Combined severe weather/flash flooding cases were identified using reports from the NOAA Storm Data publication. Daily plots of color-coded reports, stratified by hour and event type, were created and used in conjunction with mosaic radar imagery to determine which reports were attributable to a given convective system. In order to focus on cases affecting mesoscale regions in time/space associated with the same convective system(s), a minimum threshold of 30 severe reports and 10 flash flood/flood reports was applied to identify candidate events. During the seven-year study time period over 150 events were identified. Data from these events have been analyzed using GIS software to extract diurnal, seasonal and geospatial information about the events. Climatological results suggest that combined severe weather/flash flooding events are most common geographically in the Lower Great Plains as well as the Mississippi and Ohio River Valleys. Seasonal and diurnal cycles followed closely to those observed for severe weather, except across the Great Plains and Mississippi Valley, where the peak in flash flooding was generally later at night.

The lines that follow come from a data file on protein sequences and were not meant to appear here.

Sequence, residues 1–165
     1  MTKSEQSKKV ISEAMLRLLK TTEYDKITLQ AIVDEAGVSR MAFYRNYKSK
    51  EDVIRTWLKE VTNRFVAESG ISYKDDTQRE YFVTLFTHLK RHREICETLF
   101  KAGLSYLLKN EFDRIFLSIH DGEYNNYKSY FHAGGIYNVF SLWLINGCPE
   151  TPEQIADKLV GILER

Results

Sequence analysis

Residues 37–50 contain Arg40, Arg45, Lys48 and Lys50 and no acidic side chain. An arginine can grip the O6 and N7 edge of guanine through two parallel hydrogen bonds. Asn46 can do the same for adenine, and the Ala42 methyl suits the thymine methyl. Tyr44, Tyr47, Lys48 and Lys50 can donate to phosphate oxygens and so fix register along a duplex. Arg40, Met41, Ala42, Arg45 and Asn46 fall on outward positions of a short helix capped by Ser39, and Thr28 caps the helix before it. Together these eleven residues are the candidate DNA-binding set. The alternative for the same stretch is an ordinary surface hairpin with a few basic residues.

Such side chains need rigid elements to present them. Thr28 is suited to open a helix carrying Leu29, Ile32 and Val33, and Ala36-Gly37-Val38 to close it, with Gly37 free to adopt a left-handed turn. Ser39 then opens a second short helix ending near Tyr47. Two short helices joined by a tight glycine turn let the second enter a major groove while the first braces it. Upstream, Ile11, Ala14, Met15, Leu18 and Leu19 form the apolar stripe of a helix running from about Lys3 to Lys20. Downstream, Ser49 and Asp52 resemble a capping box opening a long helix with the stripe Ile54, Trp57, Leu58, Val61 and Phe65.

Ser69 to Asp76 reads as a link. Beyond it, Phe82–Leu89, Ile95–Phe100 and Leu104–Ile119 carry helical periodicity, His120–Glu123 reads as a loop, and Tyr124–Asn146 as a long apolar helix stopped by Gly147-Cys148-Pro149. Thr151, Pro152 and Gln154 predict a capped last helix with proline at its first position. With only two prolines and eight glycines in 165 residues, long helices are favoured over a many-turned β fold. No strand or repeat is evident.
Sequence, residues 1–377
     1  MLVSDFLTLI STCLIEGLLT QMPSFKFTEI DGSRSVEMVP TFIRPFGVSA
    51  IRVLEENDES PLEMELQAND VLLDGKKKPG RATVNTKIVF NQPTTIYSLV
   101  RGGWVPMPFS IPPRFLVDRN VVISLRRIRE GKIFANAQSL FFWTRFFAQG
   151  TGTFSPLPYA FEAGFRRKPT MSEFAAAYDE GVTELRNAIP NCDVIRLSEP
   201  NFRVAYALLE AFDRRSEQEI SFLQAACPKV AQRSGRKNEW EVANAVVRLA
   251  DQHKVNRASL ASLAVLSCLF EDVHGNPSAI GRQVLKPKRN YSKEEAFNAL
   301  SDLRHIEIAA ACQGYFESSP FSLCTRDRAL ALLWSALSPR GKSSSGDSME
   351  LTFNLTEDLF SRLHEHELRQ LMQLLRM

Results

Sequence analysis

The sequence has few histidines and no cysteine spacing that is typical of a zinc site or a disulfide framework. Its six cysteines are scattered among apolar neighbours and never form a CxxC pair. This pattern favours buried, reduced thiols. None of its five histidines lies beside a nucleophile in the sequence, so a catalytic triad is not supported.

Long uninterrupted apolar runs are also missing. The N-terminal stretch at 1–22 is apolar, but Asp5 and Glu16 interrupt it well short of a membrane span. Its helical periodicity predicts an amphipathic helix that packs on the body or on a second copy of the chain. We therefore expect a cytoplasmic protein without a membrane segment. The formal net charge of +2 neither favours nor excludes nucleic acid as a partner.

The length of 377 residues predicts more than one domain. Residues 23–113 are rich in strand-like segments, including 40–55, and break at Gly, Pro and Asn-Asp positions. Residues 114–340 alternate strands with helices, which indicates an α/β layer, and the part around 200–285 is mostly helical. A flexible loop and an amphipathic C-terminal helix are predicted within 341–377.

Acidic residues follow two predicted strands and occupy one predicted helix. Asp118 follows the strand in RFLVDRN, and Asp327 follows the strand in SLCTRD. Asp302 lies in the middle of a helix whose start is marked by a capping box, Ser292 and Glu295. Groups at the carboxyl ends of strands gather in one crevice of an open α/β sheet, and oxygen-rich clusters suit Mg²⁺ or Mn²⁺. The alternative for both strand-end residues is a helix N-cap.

Once such cases were identified, they were also classified subjectively by convective morphology into seven commonly observed categories, based upon system evolution using archived radar and satellite imagery. Composites of synoptic/mesoscale pattern and environment for each category were created using 13 km RAP/RUC analysis data. Results from this part of the analysis will be presented at the conference.